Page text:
Langton Capital – 2020-11-17 – PREMIUM – An end to lockdowns? G4M, Airbnb, travel companies, Pret etc.:
An end to lockdowns? G4M, Airbnb, travel companies, Pret etc.:
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A DAY IN THE LIFE:
Worse things happen at sea?
Just thinking around the issue of Covid yesterday and had to conclude that hotels have had a grim time of it.
Occupancy rates fell to little more than 10% or so in London in April (from their more-usual 90% or so) before rising, if rising is the right word, to around 30% to 50% during the summer and perhaps 50% plus in some recent months.
They’ve dipped again, since, of course but, while the short-term risks for the hoteliers during Lockdown 2.0 may be on the downside, hoteliers should spare a thought for the cruise line industry as, in this case, worse things really have been happening at sea.
Indeed, the cruise industry has been flat lining with occupancy at zero percent since the early days of the pandemic.
Regulations from above restricted sailings and a lack of demand made putting to sea pointless in any case as would-be customers envisioned plague-ships and floating prisons and decided that they didn’t like the thought of either.
So, whilst it may be grim in our neck of the woods, there are worse places to be.
Anyway, it’s nearer to Friday than it was yesterday. On to the news:
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LOCKDOWN 2.0, LOCKDOWN 3.0 ETC. Ultimately, one lockdown will be the last. But will it be this one or the next? 17 Nov 20:
• The announcement that at least two vaccines against Covid-19 is excellent news.
• Churchill said after El Alamein in November 1942 that it wasn’t the end, or even the beginning of the end of the war, only the end of the beginning.
• But vaccine news is surely better than that?
• The end, though distant, may be in sight.
What it means:
• Provided we don’t botch it up, immunisation should be making a real difference by perhaps the end of Q1 next year.
• But, like the turning of the tide, it may not be visible at first and changes in the rules and regs that we have been living under may lag progress on the ground rather than lead it
• But the ‘new normal’ next year really could be recognisable as more normal than the current situation.
A third lockdown?
• However, there may be no discernible impact this year or during most of Q1 next year (other than on sentiment)
• That does raise the potential for another shutdown, perhaps over Easter (the two Bank Holidays are 2 and 5 April) next year
• Which wouldn’t be great because what works in terms of lockdown (schoolchildren and students could be part of the lockdown) doesn’t work well for hospitality and the holiday industry, which makes much of its money during school holidays – be they Easter, the Summer or Christmas
• A third lockdown would not be good news.
• But a third lockdown preceded by endless promises that it will never happen would be even worse.
• Perhaps the government, which with hindsight should have perhaps ordered the circuit breaker being recommended by Labour last month, should make plans for the future and let the industry into its thinking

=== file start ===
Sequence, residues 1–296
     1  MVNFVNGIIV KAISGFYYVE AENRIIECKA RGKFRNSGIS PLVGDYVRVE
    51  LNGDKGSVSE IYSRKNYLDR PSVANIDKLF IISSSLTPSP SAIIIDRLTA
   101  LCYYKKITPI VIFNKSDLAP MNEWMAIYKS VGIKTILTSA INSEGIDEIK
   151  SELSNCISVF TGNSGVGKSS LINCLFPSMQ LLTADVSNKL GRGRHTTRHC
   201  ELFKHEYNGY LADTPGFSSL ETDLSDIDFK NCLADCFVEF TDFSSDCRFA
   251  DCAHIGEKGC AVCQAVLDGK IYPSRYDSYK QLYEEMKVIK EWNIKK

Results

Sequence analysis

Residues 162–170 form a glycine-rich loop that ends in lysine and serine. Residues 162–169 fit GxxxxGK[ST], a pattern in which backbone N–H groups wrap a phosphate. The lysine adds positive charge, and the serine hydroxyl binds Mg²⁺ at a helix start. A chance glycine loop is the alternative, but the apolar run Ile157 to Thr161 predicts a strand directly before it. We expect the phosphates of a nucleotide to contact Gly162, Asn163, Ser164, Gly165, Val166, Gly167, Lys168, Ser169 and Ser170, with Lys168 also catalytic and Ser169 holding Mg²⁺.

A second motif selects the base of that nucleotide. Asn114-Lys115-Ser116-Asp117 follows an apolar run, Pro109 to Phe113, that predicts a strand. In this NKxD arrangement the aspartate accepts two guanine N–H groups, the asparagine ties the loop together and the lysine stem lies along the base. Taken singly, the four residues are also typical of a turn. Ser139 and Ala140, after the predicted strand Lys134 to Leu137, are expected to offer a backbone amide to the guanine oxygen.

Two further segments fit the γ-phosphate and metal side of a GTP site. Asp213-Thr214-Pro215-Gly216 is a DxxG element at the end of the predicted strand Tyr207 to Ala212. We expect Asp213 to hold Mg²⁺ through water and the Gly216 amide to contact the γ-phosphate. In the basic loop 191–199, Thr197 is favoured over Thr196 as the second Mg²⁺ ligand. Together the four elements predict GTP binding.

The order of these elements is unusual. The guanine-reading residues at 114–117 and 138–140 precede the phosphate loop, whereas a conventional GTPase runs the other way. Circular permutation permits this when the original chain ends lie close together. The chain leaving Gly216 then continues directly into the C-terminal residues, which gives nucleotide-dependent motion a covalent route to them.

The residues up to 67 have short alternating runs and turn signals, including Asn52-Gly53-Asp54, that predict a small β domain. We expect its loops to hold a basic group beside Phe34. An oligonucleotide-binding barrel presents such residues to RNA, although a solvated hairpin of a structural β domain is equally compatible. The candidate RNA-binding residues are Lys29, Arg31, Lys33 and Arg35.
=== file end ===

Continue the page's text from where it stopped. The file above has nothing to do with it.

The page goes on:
• Ruining Easter would be a shame. March would be better and the February half term would be ‘better’ (or at least, less bad) still
• But February, which could have worked if we had shut down last month, may be too early
• Still, it would be better to be able to plan – re staff, stocking, marketing etc – than not
• Pity the men killed on 11 November 1918. There were 10,000 casualties on that single day, over a quarter of them fatalities. Some 860 Britons died, more than on an average day over the prior three years
• Many soldiers died of their wounds thereafter and, similarly, a number of companies may well collapse as the pandemic is ending.
• They may even fail after it is over due to problems (let’s call them debts and liabilities) accrued over the last few months
• Indeed, banks and creditors may have an incentive to call in the receivers when or if they think there is a market for assets rather than beforehand
• Hence vigilance, though not always possible, is required.
• Persistence & good fortune likewise.
• The rewards for being the last restaurant or pub company standing will be material. It is almost time to look more carefully at which companies will survive and prosper rather than just at the industry as a whole.
PUBS & RESTAURANTS:
Life after Covid:
• With a second vaccine on the horizon, people dare to hope. Dare to hope, full stop. Trading will not be easy, but at least there is some light at the end of the tunnel.
• Foodservice analyst Peter Backman has been considering what life after Covid – or more specifically, life whilst Covid is gently squeezed out – will look like.
• There can be more confidence that we are right to be confident. That’s a ‘not the end, not even the beginning of the end’ type comment but, it’s nonetheless true for that.
• Backman says ‘over the next few months, there will still be uncertainty. When will the vaccine arrive in quantity? How effective will it be? And for how long? As experience begins to answer these questions, let’s hope that the answers are benign so that, shortly we will be able to lower our guard and start eating out, enjoying our communal leisure time and travel.’
• For some considerable period of time, a large part of the population, hopefully that part least at physical risk when it comes to Covid, will still be unvaccinated and at some risk, however reduced.